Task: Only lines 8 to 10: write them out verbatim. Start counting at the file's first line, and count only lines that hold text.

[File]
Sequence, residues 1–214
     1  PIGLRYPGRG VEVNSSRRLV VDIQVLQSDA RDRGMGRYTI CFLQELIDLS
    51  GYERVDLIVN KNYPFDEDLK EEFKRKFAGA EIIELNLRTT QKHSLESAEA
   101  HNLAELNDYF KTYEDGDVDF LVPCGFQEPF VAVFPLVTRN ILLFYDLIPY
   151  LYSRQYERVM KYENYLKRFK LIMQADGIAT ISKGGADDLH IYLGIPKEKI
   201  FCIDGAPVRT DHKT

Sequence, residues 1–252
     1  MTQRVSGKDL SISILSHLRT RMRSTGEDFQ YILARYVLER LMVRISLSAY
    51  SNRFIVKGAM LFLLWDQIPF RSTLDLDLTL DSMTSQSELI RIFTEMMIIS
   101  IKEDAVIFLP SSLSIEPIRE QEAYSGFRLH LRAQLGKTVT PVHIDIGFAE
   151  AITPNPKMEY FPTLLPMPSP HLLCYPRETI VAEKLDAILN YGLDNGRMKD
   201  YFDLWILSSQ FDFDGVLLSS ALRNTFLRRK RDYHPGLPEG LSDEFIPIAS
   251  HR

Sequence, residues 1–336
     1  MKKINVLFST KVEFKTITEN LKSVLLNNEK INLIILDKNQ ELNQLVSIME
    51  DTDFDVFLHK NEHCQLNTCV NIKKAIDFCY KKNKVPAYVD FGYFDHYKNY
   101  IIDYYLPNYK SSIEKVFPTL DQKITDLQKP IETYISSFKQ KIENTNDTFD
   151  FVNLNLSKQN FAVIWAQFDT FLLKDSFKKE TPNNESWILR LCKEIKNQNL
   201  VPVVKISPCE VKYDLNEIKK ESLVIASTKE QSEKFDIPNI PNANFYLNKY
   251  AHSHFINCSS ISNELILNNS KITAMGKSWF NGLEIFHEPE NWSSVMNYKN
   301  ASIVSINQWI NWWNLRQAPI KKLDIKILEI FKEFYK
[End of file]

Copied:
     1  MTQRVSGKDL SISILSHLRT RMRSTGEDFQ YILARYVLER LMVRISLSAY
    51  SNRFIVKGAM LFLLWDQIPF RSTLDLDLTL DSMTSQSELI RIFTEMMIIS
   101  IKEDAVIFLP SSLSIEPIRE QEAYSGFRLH LRAQLGKTVT PVHIDIGFAE